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I'm building a program on another one made available in the Wolfram Demonstration Project.

I've noticed that in the original code (working flawlessly) many variables were made local inside the Manipulate wrapper by making ghost controls, i.e.

{var1, ControlType -> None}
{var2, ControlType -> None}
{var3, ControlType -> None}...

and there was no Module instruction inside the Manipulate.

I also found out that, after some changes made by me, the code wasn't anymore behaving well and that the main body of the manipulate command was executed two times after changing a control value.

By trial and error I managed to fix that double execution by inserting a Module command encapsulating a new variable created by me (causing the problem), that was global and that re-triggered the evaluation of the Manipulate body section.

I've read elsewhere that making all variables local inside a Manipulate can be a good programming practice and that guideline actually helped me to pinpoint the problem and avoid the double evaluation issue.

The whole code is too complex and long to be posted here and also to be reduced to a stripped down example.

So my questions are rather theoretical but probably clear enough in their essence to be answered by some Mathematica user more expert than me.

They are:

1) What's the difference (if any) between using a Module or using the ControlType -> None technique?

2) I've some compiled functions inside the Initialization section of the Manipulate. I see that those compiled functions are global and I don't know how to make them local. Do I have to leave them global without worrying much (there's no apparent issue about them till now) or is it advisable to make them local somehow (if so, how)?

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    $\begingroup$ Manipulate is user friendly version of DynamicModule. DM variables are owned by FrontEnd while Module's by Kernel. This difference may be used for your benefit but also may be causing problems if you are not careful. I strongly recommend Advanced Dynamic Functionality tutorial to go through. Ad 2) DynamicModule is the way to go. $\endgroup$ – Kuba Jan 24 '15 at 18:53
  • $\begingroup$ @Kuba I find your comment, although brief, to be enlightening. You may wish to convert it to an Answer and add a link to Advanced Dynamic Functionality to make it more accessible to readers. $\endgroup$ – bbgodfrey Jan 24 '15 at 19:07
  • $\begingroup$ @bbgodfrey Here's the link AdvancedDynamicFunctionality. I will hold on with answer now, maybe I can find related topics or duplicates. $\endgroup$ – Kuba Jan 24 '15 at 19:11
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    $\begingroup$ It could be added to Question 559 too. And, thanks for the link. $\endgroup$ – bbgodfrey Jan 24 '15 at 19:13
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    $\begingroup$ For 2), I usually use Manipulate[Plot[f[x],{x,0,1}],{{f,f},None},Initialization:>(f[x_]:=x^2)]. The {f,f} is prevents f from being set equal to 0 before Initialization is executed. $\endgroup$ – Michael E2 Jan 25 '15 at 3:25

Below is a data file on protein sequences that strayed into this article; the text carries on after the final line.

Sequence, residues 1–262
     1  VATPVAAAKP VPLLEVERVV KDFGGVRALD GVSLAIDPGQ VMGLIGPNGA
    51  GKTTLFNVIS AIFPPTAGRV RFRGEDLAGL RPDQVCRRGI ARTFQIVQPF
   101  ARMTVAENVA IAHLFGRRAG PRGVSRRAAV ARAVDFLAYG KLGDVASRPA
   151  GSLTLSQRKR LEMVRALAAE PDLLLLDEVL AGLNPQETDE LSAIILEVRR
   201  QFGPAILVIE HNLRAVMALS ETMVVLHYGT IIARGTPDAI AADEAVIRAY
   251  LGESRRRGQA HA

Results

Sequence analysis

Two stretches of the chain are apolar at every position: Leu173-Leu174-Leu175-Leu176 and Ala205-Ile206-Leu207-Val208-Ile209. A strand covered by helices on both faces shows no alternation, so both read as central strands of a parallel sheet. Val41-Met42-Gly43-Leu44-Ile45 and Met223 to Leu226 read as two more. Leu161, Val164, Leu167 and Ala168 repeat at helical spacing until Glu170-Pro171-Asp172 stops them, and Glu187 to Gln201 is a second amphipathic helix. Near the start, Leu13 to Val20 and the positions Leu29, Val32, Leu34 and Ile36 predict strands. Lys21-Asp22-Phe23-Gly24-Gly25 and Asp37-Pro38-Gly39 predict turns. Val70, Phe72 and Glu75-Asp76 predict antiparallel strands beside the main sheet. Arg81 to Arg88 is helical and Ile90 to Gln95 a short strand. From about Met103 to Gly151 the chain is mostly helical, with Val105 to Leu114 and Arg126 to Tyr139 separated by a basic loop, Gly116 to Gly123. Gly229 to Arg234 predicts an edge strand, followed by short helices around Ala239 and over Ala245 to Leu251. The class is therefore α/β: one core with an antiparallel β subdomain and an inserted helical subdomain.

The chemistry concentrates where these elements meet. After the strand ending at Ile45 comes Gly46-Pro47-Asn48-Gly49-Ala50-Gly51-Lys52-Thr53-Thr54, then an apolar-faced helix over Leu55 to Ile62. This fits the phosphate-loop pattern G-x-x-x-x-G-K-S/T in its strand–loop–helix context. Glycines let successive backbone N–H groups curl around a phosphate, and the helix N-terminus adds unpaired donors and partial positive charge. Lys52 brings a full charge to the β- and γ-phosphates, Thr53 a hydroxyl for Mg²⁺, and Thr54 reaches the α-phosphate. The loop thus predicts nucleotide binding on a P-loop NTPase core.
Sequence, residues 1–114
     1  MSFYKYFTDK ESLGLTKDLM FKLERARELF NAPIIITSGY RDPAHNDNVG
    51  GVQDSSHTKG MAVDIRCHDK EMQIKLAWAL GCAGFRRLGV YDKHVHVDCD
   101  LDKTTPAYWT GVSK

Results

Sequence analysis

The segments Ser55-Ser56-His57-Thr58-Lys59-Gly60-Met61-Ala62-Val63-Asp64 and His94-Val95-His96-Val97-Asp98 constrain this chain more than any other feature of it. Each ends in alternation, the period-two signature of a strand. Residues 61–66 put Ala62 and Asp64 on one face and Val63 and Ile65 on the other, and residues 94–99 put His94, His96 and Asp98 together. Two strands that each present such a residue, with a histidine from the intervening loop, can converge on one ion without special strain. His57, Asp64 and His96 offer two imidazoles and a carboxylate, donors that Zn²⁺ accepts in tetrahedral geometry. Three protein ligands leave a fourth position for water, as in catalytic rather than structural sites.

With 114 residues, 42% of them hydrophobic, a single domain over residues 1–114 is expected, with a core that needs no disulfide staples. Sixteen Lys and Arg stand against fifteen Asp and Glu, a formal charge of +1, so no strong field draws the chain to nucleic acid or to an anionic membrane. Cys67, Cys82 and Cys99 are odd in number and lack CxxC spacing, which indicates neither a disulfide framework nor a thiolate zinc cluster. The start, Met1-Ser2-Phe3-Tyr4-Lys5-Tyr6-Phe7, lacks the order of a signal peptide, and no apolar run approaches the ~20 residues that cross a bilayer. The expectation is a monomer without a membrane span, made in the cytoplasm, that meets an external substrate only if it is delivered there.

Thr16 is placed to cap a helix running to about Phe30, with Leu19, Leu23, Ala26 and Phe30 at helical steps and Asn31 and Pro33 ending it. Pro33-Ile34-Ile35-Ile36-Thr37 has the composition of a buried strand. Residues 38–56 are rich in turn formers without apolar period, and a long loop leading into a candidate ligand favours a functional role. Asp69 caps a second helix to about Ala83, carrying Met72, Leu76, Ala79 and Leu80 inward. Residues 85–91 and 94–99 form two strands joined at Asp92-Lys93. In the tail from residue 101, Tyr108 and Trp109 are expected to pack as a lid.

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My feeling is that this question is probably too broad and a definitive answer might be too long or nearly impossible. This a comment to point out issues to consider in deciding whether and how to localize symbols.

+ Is the application self-contained? Or does it consist of several components that need access to a shared variable (e.g. a database or common utility functions)? Is the notebook going to consist of several independent Manipulate programs whose variables and functions need to be isolated from each other? Could other notebooks opened by the user interfere with your program?

+ Localizing by nesting modules and dynamic modules (including Manipulate which constructs a DynamicModule) can have advantages and disadvantages. When they are nested with Dynamic as well, things can get complicated to explain. Most, if not all, of these are discussed in other questions. See the references below for some of them. It is perhaps worth repeating here that code of the forms

Module[{x}, Manipulate[prog[x],...]]
Block[{x}, Manipulate[prog[x],...]]

is asking for trouble. Note that as of V10, the x is highlighted in red as a warning.

+ Some find the automatic handling of controls and formatting by Manipulate irritating to control and recommend doing it all by hand with DynamicModule. Sometimes one is unaware of exactly what Manipulate is doing, and in complicated Dynamic situations, the lack of awareness can lead to bugs.

+ Similarly SaveDefinitions, another automatic handler, can cause unanticipated problems.

+ It's important to understand what happens in your application when the notebook is first opened by the end user.

+ In short, there are situations where one needs the variables and functions localized and situations where one needs them not localized. For myself, my inclination is to keep the nesting of the DynamicModules to a minimum and put all the variables in the Manipulate or outer DynamicModule, when possible. There are usually fewer problems. For intermediate results, I use nested Withs, which has the advantage of not creating a tracked symbol.

References

Relevant discussion of the issues: What does None mean in a control specification for Manipulate?, Unexpected Setter Bar Behavior when Manipulate Nested in Dynamic Module (note the comments, too)

The issues go back a ways: Manipulate Evaluation Order Problem, Question about scoping data in a multi-level Manipulate construction

And they persist: Manipulate in Manipulate

Initialization and SaveDefinitions issues: DynamicModule, SaveDefinitions and global functions, Working with DynamicModule: Tracking the progress of Initialization

And there are more....

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